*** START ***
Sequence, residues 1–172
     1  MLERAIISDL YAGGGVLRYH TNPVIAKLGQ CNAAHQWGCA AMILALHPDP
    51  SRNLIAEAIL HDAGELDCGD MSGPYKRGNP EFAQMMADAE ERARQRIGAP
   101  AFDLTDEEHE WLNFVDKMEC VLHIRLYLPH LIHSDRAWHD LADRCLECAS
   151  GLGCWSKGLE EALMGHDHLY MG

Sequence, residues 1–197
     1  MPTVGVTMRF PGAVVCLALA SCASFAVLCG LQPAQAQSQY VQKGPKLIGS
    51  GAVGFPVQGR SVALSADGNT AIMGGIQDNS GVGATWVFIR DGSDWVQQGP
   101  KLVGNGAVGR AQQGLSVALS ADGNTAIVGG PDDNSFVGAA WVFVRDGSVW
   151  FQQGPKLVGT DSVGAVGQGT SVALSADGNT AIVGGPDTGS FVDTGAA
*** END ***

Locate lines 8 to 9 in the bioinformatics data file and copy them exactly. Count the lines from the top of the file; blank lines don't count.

    51  GAVGFPVQGR SVALSADGNT AIMGGIQDNS GVGATWVFIR DGSDWVQQGP
   101  KLVGNGAVGR AQQGLSVALS ADGNTAIVGG PDDNSFVGAA WVFVRDGSVW